The Histories (Ἱστορίαι;; also known as The History) of Herodotus is considered the founding work of history in Western literature.
Athens is one of the oldest named cities in the world, having been continuously inhabited for at least 5000 years.
The history of Persian Egypt is divided into three eras.
The History of the Peloponnesian War (Ἱστορίαι, "Histories") is a historical account of the Peloponnesian War (431–404 BC), which was fought between the Peloponnesian League (led by Sparta) and the Delian League (led by Athens).
Inaros (II), also known as Inarus, (fl. ca. 460 BC) was an Egyptian rebel ruler who was the son of a Libyan prince named Psamtik, presumably of the old Saite line.
Titus Flavius Josephus (Φλάβιος Ἰώσηπος; 37 – 100), born Yosef ben Matityahu (יוסף בן מתתיהו, Yosef ben Matityahu; Ἰώσηπος Ματθίου παῖς), was a first-century Romano-Jewish scholar, historian and hagiographer, who was born in Jerusalem—then part of Roman Judea—to a father of priestly descent and a mother who claimed royal ancestry.
This article lists the monarchs of Persia, who ruled over the area of modern-day Iran from the establishment of the Achaemenid dynasty by Achaemenes around 705 BCE until the deposition of the Pahlavi dynasty in 1979.
This article contains a list of the pharaohs of Ancient Egypt, from the Early Dynastic Period before 3100 BC through to the end of the Ptolemaic Dynasty, when Egypt became a province of Rome under Augustus Caesar in 30 BC.
Manetho (Μανέθων Manethōn, gen.: Μανέθωνος) is believed to have been an Egyptian priest from Sebennytus (ancient Egyptian: Tjebnutjer) who lived during the Ptolemaic era in the early 3rd century BC.
Megabyzus (Μεγάβυζος, a folk-etymological alteration of Old Persian Bagabuxša, meaning "God saved") was a Achaemenid Persian general, son of Zopyrus, satrap of Babylonia.
Memphis (مَنْف; ⲙⲉⲙϥⲓ; Μέμφις) was the ancient capital of Aneb-Hetch, the first nome of Lower Egypt.
The Nile Delta (دلتا النيل or simply الدلتا) is the delta formed in Northern Egypt (Lower Egypt) where the Nile River spreads out and drains into the Mediterranean Sea.
Seheruibre Padibastet, better known with his hellenised name Petubastis III (or IV, depending on the scholars) was a native Ancient Egyptian ruler, c. 522 – 520 BC, who revolted against Persian rule.
Pharaoh (ⲡⲣ̅ⲣⲟ Prro) is the common title of the monarchs of ancient Egypt from the First Dynasty (c. 3150 BCE) until the annexation of Egypt by the Roman Empire in 30 BCE, although the actual term "Pharaoh" was not used contemporaneously for a ruler until circa 1200 BCE.
Pherendates (from the Old Persian Farnadāta) was an Achaemenid satrap of ancient Egypt during the 5th century BCE, at the time of the 27th Dynasty of Egypt.
Phoenicia (or; from the Φοινίκη, meaning "purple country") was a thalassocratic ancient Semitic civilization that originated in the Eastern Mediterranean and in the west of the Fertile Crescent.
Polyaenus or Polyenus (see ae (æ) vs. e; Πoλύαινoς, Polyainos, "much-praised") was a 2nd-century Macedonian author, known best for his Stratagems in War (in Greek, Στρατηγήματα), which has been preserved.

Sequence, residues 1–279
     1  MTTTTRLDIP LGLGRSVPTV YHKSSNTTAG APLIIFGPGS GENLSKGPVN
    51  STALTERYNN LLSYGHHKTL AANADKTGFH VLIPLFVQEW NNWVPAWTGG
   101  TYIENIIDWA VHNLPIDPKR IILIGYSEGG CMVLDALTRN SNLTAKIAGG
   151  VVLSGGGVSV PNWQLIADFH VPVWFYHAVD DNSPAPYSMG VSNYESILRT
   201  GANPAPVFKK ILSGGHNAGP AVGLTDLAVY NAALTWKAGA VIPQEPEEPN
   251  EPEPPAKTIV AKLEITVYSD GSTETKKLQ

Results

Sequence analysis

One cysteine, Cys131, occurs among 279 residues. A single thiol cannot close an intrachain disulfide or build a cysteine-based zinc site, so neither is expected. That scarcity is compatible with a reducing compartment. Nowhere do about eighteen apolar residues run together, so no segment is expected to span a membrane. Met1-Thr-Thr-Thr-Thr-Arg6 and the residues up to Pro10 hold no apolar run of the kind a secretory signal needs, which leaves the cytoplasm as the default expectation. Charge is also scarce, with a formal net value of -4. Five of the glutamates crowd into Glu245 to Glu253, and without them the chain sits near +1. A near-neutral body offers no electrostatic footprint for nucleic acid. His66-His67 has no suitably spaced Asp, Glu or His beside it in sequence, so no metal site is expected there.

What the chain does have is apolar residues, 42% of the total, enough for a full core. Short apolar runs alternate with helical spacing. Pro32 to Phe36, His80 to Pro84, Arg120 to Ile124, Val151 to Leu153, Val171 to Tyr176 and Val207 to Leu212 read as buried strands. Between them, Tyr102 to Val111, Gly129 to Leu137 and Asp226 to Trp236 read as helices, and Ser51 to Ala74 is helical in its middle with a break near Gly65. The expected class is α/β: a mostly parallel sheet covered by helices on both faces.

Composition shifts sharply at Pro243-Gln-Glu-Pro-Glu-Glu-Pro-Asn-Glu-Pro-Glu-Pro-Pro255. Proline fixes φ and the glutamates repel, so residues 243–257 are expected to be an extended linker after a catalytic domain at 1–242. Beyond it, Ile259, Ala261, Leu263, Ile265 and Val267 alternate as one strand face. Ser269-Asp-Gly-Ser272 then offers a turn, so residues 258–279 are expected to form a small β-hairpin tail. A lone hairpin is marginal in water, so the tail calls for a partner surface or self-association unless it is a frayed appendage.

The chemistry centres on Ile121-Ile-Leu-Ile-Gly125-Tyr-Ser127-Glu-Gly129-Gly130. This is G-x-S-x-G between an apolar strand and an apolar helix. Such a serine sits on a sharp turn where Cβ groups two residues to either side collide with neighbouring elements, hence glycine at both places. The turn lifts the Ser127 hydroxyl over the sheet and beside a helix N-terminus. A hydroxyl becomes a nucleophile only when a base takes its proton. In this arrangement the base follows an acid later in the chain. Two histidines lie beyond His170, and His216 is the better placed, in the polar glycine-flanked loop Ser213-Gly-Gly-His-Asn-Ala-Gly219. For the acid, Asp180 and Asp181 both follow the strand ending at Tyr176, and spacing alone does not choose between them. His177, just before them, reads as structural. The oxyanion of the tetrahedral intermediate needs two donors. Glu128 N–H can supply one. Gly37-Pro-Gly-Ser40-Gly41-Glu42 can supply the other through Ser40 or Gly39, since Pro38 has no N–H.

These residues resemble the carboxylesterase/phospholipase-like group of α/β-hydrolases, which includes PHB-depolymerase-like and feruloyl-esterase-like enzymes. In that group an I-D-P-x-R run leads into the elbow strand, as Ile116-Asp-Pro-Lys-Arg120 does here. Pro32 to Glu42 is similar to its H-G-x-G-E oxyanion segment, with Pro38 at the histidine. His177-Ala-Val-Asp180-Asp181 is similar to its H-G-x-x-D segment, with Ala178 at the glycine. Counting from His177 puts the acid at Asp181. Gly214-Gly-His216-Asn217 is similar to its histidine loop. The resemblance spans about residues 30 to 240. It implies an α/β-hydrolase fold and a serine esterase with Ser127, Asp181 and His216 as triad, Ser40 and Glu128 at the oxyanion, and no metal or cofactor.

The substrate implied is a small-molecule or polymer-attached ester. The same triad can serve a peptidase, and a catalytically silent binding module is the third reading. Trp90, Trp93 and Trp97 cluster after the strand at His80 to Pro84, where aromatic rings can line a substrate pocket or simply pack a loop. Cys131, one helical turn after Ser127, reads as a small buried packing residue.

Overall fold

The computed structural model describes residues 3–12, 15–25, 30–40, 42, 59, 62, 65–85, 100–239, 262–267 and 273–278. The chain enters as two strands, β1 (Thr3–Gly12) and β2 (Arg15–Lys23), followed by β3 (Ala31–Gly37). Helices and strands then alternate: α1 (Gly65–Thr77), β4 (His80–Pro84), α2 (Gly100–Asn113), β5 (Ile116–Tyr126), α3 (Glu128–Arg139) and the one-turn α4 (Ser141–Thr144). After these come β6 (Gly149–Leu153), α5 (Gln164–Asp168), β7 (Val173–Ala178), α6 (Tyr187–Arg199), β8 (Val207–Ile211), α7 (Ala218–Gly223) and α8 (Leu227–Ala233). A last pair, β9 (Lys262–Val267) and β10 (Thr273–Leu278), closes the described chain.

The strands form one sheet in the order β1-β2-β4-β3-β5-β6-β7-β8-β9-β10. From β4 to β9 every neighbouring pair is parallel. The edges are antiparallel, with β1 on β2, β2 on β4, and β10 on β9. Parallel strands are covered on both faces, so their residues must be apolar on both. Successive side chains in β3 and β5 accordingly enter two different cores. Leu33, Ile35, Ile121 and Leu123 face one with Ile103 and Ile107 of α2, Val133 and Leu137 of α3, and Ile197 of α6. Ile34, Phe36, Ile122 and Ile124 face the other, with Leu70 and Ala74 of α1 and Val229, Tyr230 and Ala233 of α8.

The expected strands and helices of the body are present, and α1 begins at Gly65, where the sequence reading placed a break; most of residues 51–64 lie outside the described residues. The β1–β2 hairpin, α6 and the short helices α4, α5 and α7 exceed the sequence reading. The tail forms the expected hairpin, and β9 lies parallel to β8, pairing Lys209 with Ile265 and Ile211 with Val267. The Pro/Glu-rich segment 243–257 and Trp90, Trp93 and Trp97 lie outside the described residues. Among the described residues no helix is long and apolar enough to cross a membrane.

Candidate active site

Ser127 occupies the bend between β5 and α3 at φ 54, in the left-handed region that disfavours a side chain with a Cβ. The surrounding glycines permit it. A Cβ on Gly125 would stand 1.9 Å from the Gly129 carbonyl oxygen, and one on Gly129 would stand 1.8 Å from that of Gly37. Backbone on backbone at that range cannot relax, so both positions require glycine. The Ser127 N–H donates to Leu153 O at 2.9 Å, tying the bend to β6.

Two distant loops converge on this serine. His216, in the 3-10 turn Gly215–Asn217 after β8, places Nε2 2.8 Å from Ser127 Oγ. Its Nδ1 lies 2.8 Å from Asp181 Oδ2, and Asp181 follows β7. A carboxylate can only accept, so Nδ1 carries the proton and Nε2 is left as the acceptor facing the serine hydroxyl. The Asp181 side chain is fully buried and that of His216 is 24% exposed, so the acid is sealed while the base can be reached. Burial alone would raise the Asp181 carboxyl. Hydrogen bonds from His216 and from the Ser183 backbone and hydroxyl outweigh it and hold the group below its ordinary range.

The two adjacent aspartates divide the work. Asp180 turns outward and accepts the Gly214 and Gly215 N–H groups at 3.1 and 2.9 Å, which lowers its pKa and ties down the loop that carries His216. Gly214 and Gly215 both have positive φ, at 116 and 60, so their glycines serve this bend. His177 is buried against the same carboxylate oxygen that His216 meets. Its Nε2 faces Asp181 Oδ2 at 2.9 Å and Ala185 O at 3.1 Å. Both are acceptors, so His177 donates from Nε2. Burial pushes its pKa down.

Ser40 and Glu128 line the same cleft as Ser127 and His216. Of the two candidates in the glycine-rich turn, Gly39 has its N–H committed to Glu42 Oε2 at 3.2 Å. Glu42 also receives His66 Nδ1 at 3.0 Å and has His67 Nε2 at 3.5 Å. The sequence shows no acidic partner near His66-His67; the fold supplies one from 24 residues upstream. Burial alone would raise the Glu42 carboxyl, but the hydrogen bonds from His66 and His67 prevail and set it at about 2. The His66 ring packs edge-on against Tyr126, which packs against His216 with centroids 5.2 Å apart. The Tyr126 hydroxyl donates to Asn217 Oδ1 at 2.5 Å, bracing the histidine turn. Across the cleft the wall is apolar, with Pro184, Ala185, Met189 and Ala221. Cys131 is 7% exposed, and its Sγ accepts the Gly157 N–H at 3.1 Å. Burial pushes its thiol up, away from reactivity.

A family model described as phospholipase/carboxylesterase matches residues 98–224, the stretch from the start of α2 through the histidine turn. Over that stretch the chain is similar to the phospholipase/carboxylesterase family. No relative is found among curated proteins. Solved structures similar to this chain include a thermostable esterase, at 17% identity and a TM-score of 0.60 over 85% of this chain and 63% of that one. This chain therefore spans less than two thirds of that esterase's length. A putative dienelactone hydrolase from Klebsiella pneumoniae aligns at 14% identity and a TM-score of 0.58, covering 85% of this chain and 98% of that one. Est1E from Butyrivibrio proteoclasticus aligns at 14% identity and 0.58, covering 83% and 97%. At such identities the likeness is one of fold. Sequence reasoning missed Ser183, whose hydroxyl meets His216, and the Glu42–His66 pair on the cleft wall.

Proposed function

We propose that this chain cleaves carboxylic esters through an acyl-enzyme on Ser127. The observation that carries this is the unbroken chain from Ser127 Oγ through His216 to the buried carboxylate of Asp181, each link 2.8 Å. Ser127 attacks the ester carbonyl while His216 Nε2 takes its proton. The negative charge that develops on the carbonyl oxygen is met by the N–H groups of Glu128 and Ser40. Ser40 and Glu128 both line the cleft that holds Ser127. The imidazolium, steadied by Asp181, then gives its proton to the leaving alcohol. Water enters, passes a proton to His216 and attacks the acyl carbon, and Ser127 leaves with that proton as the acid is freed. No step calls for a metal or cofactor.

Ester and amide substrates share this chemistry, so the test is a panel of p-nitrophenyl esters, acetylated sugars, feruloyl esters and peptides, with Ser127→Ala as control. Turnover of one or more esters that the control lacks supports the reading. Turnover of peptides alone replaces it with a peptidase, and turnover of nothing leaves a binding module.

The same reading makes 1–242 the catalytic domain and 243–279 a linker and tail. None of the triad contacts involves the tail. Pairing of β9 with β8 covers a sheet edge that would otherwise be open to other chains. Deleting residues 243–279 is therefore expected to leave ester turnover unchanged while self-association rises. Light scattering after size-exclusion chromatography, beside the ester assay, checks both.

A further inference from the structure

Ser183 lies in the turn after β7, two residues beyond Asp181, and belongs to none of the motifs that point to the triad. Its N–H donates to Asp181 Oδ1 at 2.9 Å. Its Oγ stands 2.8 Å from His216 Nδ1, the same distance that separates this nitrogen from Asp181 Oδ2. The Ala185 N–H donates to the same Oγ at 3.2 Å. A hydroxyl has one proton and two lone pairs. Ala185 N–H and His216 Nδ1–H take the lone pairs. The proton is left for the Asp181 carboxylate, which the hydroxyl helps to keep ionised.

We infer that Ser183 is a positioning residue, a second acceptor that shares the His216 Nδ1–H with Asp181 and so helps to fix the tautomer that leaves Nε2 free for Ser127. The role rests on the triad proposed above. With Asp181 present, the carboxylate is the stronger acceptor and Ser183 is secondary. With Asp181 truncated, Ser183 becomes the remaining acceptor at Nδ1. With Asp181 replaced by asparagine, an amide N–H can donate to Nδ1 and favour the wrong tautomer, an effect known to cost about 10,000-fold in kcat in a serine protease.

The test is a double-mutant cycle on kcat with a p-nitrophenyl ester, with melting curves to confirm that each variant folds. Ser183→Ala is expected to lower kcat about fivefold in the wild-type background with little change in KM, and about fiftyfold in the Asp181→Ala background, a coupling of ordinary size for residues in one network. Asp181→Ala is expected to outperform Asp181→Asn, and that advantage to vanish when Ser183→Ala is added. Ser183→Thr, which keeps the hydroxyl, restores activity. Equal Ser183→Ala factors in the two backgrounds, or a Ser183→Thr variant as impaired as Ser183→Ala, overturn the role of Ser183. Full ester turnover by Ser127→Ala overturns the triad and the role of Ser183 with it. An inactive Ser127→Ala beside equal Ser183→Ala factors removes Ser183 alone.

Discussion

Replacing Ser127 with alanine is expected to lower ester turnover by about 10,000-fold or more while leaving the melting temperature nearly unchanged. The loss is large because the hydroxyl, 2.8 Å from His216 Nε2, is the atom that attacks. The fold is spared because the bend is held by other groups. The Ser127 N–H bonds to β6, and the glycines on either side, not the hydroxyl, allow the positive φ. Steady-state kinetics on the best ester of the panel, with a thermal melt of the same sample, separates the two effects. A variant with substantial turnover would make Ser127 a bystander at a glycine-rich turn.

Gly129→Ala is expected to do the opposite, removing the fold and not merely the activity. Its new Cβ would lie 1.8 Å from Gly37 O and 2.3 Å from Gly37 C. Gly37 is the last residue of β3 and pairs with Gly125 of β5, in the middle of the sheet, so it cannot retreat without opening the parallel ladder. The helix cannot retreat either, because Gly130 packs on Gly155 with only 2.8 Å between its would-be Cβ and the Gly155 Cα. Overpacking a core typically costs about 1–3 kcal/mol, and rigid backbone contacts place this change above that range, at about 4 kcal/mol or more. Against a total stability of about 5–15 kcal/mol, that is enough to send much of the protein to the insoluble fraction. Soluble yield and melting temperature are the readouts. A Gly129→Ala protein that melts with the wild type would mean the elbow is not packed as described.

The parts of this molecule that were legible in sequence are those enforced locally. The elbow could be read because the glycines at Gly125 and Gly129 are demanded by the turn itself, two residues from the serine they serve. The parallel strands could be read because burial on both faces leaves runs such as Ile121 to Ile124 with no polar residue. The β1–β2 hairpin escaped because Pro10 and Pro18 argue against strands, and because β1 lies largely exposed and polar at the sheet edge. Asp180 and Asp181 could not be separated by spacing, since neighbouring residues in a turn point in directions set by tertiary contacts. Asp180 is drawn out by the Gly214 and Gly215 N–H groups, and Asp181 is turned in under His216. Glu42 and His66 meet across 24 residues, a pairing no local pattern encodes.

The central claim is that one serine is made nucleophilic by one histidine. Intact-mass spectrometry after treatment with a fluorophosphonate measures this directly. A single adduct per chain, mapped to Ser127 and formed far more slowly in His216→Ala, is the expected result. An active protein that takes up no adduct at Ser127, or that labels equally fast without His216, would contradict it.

Psammetichus IV is a proposed ancient Egyptian ruler who lived during the First Persian Period (the 27th Dynasty).
Psamtik III (also spelled Psammetichus or Psammeticus, from Greek Ψαμμήτιχος) was the last Pharaoh of the Twenty-sixth Dynasty of Egypt from 526 BC to 525 BC.
The Red Sea (also the Erythraean Sea) is a seawater inlet of the Indian Ocean, lying between Africa and Asia.
Satraps were the governors of the provinces of the ancient Median and Achaemenid Empires and in several of their successors, such as in the Sasanian Empire and the Hellenistic empires.
The second Persian invasion of Greece (480–479 BC) occurred during the Greco-Persian Wars, as King Xerxes I of Persia sought to conquer all of Greece.
Sogdianus was king of Persia in 424–423 BC.
Suez (السويس; Egyptian Arabic) is a seaport city (population ca. 497,000) in north-eastern Egypt, located on the north coast of the Gulf of Suez (a branch of the Red Sea), near the southern terminus of the Suez Canal, having the same boundaries as Suez governorate.
The Thirtieth Dynasty of Egypt (notated Dynasty XXX, alternatively 30th Dynasty or Dynasty 30) is usually classified as the fifth Dynasty of the Late Period of ancient Egypt.
The Thirty-first Dynasty of Egypt (notated Dynasty XXXI, alternatively 31st Dynasty or Dynasty 31), also known as the Second Egyptian Satrapy, was effectively a short-lived province (satrapy) of the Achaemenid Persian Empire between 343 BC to 332 BC.
Thucydides (Θουκυδίδης,, Ancient Attic:; BC) was an Athenian historian and general.
The Twenty-eighth Dynasty of Egypt (notated Dynasty XXVIII, alternatively 28th Dynasty or Dynasty 28) is usually classified as the third dynasty of the Ancient Egyptian Late Period.
The Twenty-ninth Dynasty of Egypt (notated Dynasty XXIX, alternatively 29th Dynasty or Dynasty 29) is usually classified as the fourth Dynasty of the Ancient Egyptian Late Period.
The Twenty-sixth Dynasty of Egypt (notated Dynasty XXVI, alternatively 26th Dynasty or Dynasty 26) was the last native dynasty to rule Egypt before the Persian conquest in 525 BC (although others followed).
Xerxes I (𐎧𐏁𐎹𐎠𐎼𐏁𐎠 x-š-y-a-r-š-a Xšayaṛša "ruling over heroes", Greek Ξέρξης; 519–465 BC), called Xerxes the Great, was the fourth king of kings of the Achaemenid dynasty of Persia.
Xerxes II (IPA:/ˈzəːksiːz/ - Xšayāršā) was a Persian king and the son and successor of Artaxerxes I. After a reign of forty-five days, he was assassinated in 424 BC by his brother Sogdianus, who in turn was murdered by Darius II.
Zoroastrianism, or more natively Mazdayasna, is one of the world's oldest extant religions, which is monotheistic in having a single creator god, has dualistic cosmology in its concept of good and evil, and has an eschatology which predicts the ultimate destruction of evil.
Year 404 BC was a year of the pre-Julian Roman calendar.
Year 423 BC was a year of the pre-Julian Roman calendar.
Year 424 BC was a year of the pre-Julian Roman calendar.
Year 425 BC was a year of the pre-Julian Roman calendar.
Year 465 BC was a year of the pre-Julian Roman calendar.
Year 486 BC was a year of the pre-Julian Roman calendar.
This article concerns the period 529 BC – 520 BC.
The year 525 BC was a year of the pre-Julian Roman calendar.